Common Experiences of Women With Moms Like This:
The great common denominator among women with unloving mothers is the longing for validation— to find someone who will say, “Yes, what you experienced really happened. Yes, your feelings are justified. I understand.”
WHAT MAKES A GOOD MOTHER
… if her dominant behavior engenders in her daughter a belief in her own value and nourishes her self- respect, confidence, and safety, that mother is doing a good job, whether she’s a wonderful mom or just good enough. She’s demonstrating real love, in a tangible, reliable way, to her child.
YOU CAN’T CALL IT LOVE
To help you look objectively at the mothering you’ve experienced, I’ve designed the following checklists.
First, let’s deal with what’s going on right now. Does your mother regularly:
• Demean or criticize you?
• Make you a scapegoat?
• Take credit when things go well, and blame you when they go wrong?
• Treat you as if you’re incapable of making your own decisions?
• Turn on the charm for other people, but turn cold when she’s alone with you?
• Try to upstage you?
• Flirt with your significant other?
• Try to live out her life through you?
• Call, e- mail, text, and schedule herself into your life so much that you feel smothered?
• Tell you or imply that you are the reason for her depression, lack of success, or unfulfilled life?
• Tell you or imply that she can’t cope without you (and only your help will do)?
• Use money or the promise of money to manipulate you?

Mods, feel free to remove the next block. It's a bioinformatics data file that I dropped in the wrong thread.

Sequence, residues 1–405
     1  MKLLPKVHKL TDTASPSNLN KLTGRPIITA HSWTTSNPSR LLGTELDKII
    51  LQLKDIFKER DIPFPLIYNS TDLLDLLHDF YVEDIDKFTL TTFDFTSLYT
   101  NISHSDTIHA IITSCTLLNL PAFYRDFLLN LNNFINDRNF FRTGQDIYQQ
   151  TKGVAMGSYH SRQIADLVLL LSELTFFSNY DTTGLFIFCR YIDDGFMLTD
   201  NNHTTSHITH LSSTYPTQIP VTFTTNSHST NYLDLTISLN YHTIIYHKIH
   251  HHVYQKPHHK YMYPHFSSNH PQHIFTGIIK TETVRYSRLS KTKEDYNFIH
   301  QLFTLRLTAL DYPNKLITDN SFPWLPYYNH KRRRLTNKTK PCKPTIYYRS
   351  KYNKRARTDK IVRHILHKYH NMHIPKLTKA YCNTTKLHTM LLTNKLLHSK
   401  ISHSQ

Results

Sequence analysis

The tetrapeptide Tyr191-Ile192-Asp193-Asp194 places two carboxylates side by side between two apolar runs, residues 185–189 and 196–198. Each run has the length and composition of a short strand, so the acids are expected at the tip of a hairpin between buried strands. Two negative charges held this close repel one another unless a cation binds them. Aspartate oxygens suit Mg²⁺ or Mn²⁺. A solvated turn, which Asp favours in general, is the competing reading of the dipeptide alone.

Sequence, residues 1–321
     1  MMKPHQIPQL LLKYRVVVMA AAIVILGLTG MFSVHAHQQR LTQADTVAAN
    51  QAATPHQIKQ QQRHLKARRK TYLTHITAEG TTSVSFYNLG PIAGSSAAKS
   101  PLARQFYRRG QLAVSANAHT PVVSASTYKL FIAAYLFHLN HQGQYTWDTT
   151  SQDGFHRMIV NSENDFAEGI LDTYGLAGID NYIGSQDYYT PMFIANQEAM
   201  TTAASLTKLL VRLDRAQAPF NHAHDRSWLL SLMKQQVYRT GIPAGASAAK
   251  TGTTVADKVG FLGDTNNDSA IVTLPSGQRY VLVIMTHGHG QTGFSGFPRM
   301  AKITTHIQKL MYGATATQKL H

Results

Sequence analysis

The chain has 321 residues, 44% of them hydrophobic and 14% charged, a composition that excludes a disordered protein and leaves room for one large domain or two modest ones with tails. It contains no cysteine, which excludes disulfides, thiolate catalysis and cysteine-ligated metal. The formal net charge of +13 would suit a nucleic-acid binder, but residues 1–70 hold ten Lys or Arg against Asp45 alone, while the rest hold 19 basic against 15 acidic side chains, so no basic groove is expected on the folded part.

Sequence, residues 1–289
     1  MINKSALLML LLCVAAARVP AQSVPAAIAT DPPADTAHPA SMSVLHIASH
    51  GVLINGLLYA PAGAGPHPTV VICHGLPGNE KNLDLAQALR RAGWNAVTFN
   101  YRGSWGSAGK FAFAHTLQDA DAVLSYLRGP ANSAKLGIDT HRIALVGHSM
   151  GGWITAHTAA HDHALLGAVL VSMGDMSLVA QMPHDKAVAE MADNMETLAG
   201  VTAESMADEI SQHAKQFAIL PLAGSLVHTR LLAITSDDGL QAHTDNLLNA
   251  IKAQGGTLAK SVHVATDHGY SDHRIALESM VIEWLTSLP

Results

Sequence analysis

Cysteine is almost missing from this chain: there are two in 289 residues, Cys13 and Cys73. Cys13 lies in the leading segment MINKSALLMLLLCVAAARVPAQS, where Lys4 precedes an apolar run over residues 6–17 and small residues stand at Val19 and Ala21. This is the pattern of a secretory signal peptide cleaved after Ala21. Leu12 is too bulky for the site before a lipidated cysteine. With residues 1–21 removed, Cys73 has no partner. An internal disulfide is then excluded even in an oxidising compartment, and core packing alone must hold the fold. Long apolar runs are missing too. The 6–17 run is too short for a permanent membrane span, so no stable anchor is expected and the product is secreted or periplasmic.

• Threaten to make your life difficult if you don’t do what she wants?
• Ignore or discount your feelings and wants?
“Yes” answers are clear indications that your mother is crossing, or has crossed, the boundary that separates loving mothers from unloving ones.
These behaviors are probably not new, and chances are they have been going on for most of your life. You’ll see that clearly if you put a simple “Did she” in front of each of the questions above, and think about what was going on when you were little.
The next list will give you a sense of how your relationship with your mother has affected you. Do you:
• Wonder if your mother loves you— and feel ashamed that she may not?
• Feel responsible for the happiness of everyone but yourself?
• Believe that your mother’s needs, wants, and expectations of you are more important than your own?
• Believe that love is something you have to earn?
• Believe that no matter what you do for your mother, it won’t be enough?
• Believe that you must protect her, even from the knowledge that she’s hurting you?
• Feel guilty and believe you’re a bad person if you don’t comply with the wishes of other people, especially your mother?
• Hide the details of your life and feelings from your mother, because you know she’ll find a way to use your truths against you?
• Find yourself constantly chasing approval?
• Feel scared, guilty, and small, no matter how much you accomplish?
• Wonder if there’s something wrong with you that will keep you from being able to find a partner who loves you?
• Feel afraid to have children (if you want them) because they’ll turn out “messed up, like me”?
All these feelings and beliefs are legacies of the mother wound, and they, too, have their roots in childhood. But even if you answered “yes” to every one of these questions, please be assured that you’re not doomed or irreparably damaged.
There are many changes you can put into practice immediately to improve your life, your self- image, and your relationships.